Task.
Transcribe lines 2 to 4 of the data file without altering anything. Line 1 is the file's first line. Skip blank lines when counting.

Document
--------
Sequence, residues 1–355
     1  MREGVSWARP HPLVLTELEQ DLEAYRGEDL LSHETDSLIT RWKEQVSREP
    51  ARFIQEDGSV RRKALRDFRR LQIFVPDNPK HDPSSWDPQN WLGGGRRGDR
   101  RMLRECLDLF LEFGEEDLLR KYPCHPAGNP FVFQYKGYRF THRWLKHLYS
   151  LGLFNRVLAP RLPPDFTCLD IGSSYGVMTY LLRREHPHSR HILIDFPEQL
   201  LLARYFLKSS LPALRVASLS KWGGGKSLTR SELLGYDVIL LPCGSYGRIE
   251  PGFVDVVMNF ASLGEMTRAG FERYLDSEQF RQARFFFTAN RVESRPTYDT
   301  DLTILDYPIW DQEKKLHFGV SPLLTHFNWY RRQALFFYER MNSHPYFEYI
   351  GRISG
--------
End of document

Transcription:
     1  MREGVSWARP HPLVLTELEQ DLEAYRGEDL LSHETDSLIT RWKEQVSREP
    51  ARFIQEDGSV RRKALRDFRR LQIFVPDNPK HDPSSWDPQN WLGGGRRGDR
   101  RMLRECLDLF LEFGEEDLLR KYPCHPAGNP FVFQYKGYRF THRWLKHLYS